Modifications of lean mass are a frequent critical determinant in the pathophysiology and progression of heart failure (HF). Sarcopenia may be considered one of the most important causes of low physical performance and reduced cardiorespiratory fitness in older patients with HF. Sarcopenia is frequently misdiagnosed as cachexia. However, muscle wasting in HF has different pathogenetic features in sarcopenic and cachectic conditions. HF may induce sarcopenia through common pathogenetic pathways such as hormonal changes, malnutrition, and physical inactivity; mechanisms that influence each other. In the opposite way, sarcopenia may favor HF development by different mechanisms, including pathological ergoreflex. Paradoxically, sarcopenia is not associated with a sarcopenic cardiac muscle, but the cardiac muscle shows a hypertrophy which seems to be “not-functional.” First-line agents for the treatment of HF, physical activity and nutritional interventions, may offer a therapeutic advantage in sarcopenic patients irrespective of HF. Thus, sarcopenia is highly prevalent in patients with HF, contributing to its poor prognosis, and both conditions could benefit from common treatment strategies based on pharmacological, physical activity, and nutritional approaches.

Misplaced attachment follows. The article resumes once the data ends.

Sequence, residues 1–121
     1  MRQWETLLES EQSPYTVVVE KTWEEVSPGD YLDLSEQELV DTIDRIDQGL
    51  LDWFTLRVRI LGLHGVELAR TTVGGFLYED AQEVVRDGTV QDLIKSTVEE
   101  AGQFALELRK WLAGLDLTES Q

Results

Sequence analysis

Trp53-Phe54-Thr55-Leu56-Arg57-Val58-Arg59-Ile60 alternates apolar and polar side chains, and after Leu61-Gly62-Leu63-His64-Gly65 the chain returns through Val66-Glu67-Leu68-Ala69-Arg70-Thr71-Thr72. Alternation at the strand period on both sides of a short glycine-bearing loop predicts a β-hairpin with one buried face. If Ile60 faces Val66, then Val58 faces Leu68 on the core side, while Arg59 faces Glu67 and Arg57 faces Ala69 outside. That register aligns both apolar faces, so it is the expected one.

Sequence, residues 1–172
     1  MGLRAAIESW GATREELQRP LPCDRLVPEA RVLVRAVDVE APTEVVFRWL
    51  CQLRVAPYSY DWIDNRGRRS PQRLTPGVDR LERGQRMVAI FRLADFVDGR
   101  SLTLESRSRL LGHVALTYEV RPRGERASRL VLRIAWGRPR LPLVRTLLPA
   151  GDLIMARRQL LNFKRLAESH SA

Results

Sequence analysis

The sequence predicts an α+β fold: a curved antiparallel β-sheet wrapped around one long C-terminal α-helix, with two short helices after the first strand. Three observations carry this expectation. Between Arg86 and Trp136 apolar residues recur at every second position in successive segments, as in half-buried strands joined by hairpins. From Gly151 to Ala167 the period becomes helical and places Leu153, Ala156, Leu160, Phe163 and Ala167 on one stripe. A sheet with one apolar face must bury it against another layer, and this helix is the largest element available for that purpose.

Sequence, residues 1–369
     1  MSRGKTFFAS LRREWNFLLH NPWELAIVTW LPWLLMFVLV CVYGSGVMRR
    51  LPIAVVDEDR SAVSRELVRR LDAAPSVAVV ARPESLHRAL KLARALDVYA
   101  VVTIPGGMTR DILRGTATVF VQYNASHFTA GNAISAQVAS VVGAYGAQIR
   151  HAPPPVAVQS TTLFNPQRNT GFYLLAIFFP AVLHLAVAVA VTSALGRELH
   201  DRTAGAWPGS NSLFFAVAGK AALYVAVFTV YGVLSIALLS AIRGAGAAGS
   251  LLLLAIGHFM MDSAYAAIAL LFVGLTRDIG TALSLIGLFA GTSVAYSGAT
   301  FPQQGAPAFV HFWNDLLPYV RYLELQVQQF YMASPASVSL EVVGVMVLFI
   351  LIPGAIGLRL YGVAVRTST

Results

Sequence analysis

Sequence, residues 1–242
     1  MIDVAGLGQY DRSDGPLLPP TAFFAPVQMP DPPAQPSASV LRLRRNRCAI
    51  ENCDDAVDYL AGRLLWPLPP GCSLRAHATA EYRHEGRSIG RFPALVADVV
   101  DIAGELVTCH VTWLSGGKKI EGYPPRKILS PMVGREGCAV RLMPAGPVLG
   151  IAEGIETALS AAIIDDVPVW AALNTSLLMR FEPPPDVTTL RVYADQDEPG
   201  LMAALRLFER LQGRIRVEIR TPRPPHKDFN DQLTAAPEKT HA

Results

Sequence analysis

|Digital Object Identifier (DOI):||http://dx.doi.org/10.3390/nu12010211|
|Codice identificativo ISI:||WOS:000516825500211|
|Codice identificativo Scopus:||2-s2.0-85077983490|
|Titolo:||Sarcopenia and heart failure|
|Appare nelle tipologie:||1.1 Articolo in rivista|